LAT1 has also been shown to be associated with chemotherapy resistance. An analysis of the chemotherapy response of ovarian cancer revealed that several genes, including LAT1, can be critical factors leading to chemoresistance. LAT1 is a solute carrier protein that may regulate the absorption of drugs by cancer cells, thus regulating chemotherapy response. Therefore, LAT1 may be a novel target for improving the effect of chemotherapy on ovarian cancer (Cheng et al., 2010). LAT1 is also an indicator antibody in the endocrine therapy of breast cancer, where its high level may serve as a recurrence factor of estrogen-receptor positive breast cancer (Bartlett et al., 2010). LAT1 have a key role in the diverse periods of prostate cancer development. LAT1 is mainly expressed in the androgen-insensitive prostate cancer cell line PC-3. LAT1 levels is low in normal or benign prostate tumor tissues. With the transformation of hormone-sensitive prostate cancer to hormone-refractory prostate cancer, such as in castraton-resistant metastatic cancer tissue, the level of LAT1 is significantly upregulated. These results suggest that the increased level of LAT1 contributes to hormone-refractory prostate cancer and LAT1 may be a feasible target for the treatment of advanced prostate cancer (Wang et al., 2011, 2013). With the increasing number of cancer treatment methods, such as surgery, chemotherapy, radiotherapy, and other combined applications, the cure and survival rate of patients with cancer have increased significantly. However, chemoresistance has become a difficult problem encountered in current cancer treatment processes. Targeting LAT1 to improve the chemoresistance of patients with cancer may be another great progress in medical treatment.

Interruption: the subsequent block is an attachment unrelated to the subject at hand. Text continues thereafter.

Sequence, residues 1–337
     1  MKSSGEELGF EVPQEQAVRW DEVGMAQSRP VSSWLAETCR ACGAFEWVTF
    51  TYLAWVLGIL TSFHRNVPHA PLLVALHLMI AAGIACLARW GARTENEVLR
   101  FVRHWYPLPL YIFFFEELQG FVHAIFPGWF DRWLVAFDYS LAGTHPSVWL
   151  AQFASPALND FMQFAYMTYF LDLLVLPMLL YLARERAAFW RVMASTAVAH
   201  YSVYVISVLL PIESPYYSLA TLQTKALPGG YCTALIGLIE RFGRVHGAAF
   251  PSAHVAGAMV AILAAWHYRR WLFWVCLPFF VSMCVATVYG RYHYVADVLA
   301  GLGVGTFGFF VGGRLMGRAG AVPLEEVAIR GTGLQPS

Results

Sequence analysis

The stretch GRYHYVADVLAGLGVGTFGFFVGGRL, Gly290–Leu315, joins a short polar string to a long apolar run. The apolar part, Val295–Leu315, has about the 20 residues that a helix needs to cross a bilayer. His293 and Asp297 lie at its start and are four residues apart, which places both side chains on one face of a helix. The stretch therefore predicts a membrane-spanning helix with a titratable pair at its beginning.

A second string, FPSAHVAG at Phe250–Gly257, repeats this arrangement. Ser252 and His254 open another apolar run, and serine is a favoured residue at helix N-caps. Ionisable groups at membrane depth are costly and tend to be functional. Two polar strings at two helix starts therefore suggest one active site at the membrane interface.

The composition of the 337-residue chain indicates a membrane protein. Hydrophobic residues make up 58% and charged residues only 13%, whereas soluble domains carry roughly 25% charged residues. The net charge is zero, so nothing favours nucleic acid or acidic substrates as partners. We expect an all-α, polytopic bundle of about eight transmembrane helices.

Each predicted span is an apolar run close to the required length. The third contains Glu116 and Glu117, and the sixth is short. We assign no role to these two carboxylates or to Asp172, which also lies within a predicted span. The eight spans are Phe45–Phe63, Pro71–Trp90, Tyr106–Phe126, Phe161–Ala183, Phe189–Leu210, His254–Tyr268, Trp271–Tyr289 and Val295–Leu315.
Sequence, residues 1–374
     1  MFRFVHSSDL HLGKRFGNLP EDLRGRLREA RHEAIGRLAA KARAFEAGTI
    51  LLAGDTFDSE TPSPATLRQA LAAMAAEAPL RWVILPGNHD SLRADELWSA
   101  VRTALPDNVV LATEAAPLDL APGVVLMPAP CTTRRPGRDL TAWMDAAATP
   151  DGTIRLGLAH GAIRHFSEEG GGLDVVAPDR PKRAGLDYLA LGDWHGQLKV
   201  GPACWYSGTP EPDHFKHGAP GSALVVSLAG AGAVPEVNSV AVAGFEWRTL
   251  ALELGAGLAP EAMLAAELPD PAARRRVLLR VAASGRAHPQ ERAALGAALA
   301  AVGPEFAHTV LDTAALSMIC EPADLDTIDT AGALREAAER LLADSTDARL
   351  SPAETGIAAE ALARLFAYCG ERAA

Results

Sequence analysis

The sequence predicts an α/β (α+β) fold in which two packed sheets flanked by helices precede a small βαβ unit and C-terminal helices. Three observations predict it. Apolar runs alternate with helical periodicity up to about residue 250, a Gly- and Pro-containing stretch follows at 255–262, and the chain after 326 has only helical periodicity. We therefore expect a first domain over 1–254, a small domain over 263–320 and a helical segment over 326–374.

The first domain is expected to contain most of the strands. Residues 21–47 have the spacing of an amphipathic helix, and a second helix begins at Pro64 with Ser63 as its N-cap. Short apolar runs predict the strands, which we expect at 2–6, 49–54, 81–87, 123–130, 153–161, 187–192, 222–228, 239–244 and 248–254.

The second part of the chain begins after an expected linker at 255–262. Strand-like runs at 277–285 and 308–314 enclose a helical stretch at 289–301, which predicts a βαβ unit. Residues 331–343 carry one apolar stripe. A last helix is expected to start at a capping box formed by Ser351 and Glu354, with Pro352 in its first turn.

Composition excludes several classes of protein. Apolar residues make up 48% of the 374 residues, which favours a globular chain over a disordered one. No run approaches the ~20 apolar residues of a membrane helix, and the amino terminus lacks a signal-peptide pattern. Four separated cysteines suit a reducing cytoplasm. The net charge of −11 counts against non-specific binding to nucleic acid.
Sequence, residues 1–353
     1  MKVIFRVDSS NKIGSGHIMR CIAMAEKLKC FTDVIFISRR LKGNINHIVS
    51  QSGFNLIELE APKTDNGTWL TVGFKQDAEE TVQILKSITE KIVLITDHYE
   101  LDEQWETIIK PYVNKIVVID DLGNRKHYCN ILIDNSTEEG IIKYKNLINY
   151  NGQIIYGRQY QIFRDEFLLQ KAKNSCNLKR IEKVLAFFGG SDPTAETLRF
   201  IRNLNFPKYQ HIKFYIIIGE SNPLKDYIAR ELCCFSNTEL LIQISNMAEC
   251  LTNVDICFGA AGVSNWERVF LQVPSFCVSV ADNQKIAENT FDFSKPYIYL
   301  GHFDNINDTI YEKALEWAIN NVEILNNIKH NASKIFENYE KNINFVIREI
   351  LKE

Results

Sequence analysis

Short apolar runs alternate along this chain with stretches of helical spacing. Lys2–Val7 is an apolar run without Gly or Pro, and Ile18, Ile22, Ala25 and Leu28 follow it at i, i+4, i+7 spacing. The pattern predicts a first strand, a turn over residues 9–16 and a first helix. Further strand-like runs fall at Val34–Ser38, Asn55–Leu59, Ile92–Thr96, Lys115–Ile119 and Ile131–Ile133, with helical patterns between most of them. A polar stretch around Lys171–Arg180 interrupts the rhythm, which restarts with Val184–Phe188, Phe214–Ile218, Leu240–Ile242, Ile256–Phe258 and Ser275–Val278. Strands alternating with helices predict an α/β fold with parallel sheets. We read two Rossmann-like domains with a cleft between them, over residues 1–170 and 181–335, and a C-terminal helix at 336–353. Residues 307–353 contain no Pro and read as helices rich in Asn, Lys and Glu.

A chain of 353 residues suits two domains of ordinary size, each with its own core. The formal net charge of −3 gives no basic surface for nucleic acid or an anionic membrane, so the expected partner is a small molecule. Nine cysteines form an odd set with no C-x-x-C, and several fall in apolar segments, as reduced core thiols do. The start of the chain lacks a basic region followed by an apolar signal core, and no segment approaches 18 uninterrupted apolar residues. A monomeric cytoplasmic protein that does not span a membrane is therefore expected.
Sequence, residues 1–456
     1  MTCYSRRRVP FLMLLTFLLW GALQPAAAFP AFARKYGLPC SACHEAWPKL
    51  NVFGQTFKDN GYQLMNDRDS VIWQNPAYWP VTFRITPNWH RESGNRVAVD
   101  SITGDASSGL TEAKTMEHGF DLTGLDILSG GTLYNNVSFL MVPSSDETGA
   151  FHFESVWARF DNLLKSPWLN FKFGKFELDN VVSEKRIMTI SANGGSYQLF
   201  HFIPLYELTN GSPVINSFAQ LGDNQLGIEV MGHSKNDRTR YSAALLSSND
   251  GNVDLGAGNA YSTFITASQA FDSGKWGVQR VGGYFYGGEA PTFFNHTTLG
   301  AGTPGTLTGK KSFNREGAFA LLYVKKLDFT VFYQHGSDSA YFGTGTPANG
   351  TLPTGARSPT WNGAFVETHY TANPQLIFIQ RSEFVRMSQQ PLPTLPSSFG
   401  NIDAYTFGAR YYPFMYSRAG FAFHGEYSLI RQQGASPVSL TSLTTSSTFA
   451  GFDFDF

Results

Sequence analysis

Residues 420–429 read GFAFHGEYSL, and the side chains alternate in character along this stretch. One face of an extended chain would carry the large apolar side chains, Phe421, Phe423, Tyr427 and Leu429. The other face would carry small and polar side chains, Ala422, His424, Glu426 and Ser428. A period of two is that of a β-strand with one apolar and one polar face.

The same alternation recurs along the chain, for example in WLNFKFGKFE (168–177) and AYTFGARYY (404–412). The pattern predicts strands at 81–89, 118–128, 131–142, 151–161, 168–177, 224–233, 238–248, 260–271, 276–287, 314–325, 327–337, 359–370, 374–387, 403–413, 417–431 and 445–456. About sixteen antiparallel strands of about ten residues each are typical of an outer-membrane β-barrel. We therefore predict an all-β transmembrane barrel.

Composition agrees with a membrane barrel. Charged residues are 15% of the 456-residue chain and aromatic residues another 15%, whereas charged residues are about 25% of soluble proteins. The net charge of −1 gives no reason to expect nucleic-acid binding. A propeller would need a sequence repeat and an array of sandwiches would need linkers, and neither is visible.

LAT1 and Insulin Resistance